In the first chapter of Transformations (originally titled Metamorphosis, but that has been overused as a STAR TREK story title; for an original series episode, for a paperback novel, and for at least one existing fanfiction story I know) we learn that Saavik of Vulcan is half-Gallifreyan (which is why two different actresses played her in the STAR TREK movie series), like the Doctor. As is usually the case, I had very little notion when I finished the first chapter where the story was going to go from there. The idea out of several others (which I forget now) that I finally chose was that Saavik was a half-sibling of the Doctor; whose father, in imperfect understanding of the emotional life Time Lords in the main deny themselves, had embarked on a program of littering the universe with half-Gallifreyan changelings to revitalize the race. (I remember trying to fight this idea off, because I too enjoy the mystery, to no avail.) The Doctor's speeches in that story were written to accomodate the little he's ever said in the screen canon about his family life (the house near a mountain, halfway up which the Doctor's Teacher lived [The Time Monster, Planet of the Spiders]; cavorting under the multicolored Gallifreyan sky with his father [the 1996 movie]). But the Doctor had never said anything onscreen about his mother except that he was half-human on her side [the 1996 movie] - and having no inspiration while writing Transformations as to her identity, I decided that the Doctor didn't know who she was any more than I did.

Transformations was complete but not yet posted, and I was beginning to itch to start a new story, when I discovered the LOIS & CLARK newsgroup. The Doctor's speeches in Transformations were modified to accomodate the premise of what now became titled One Child Born. (I also used the baby Doctor's fostership by Lois and Clark as an excuse for the adult Doctor to correct, at least in my LOIS & CLARK universe, what I think pre-mid-80s SUPERMAN had that post-mid-80s needs - but deemphasises in favor of Clark's personal life - i.e. that Clark Kent is just a little something more than a sensitive guy who has a secret. See the Doctor's last scene in Chapter 4.)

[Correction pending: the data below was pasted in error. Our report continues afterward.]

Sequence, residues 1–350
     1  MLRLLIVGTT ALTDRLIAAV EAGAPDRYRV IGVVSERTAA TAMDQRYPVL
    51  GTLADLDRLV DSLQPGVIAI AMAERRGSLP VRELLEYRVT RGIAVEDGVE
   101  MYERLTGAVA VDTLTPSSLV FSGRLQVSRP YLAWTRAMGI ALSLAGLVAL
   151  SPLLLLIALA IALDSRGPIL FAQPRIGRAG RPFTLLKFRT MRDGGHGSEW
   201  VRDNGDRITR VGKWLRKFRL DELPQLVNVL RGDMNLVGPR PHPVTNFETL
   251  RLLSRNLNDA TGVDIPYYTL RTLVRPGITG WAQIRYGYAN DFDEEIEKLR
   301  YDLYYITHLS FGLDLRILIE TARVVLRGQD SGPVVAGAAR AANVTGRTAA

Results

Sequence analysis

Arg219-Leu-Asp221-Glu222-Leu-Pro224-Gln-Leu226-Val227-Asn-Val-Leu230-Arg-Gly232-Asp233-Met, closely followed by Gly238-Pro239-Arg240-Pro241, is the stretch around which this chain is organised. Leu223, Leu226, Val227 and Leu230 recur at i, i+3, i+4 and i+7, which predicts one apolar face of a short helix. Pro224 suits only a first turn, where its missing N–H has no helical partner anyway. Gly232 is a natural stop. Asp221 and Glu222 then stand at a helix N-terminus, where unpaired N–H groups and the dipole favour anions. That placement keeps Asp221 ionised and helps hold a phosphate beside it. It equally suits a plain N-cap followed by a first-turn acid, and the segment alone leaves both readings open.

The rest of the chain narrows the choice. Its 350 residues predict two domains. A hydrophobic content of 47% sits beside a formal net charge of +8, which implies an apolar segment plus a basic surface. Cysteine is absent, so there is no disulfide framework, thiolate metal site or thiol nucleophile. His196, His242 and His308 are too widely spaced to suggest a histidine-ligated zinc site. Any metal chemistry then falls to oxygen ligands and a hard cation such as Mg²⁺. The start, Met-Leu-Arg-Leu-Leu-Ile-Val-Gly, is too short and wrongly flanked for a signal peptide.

At the same time that I learned that there were SUPERMAN fiction newsgroups, I learned that there was a fiction newsgroup for the year-old BUFFY THE VAMPIRE SLAYER, another property I'd toyed crossing DOCTOR WHO with, though no plot had occurred to me. About that time I also started wondering in earnest who the Doctor's mother was, reasoning that Transformations and One Child Born were answering every other question about the Doctor's early years. I decided Buffy was the Doctor's mother, because if she was then I could crosspost the story to yet another newsgroup; and the more I considered the nature of Slayers and the way I was going to have to resolve BUFFY's horror premise with the science fantasy of DOCTOR WHO, the more it fell together.


So the genesis of what I usually avoid calling the Father Who trilogy was less a desire to answer questions about the Doctor than about Saavik and about Lois and Clark. The Doctor's questions just dovetailed too well to ignore.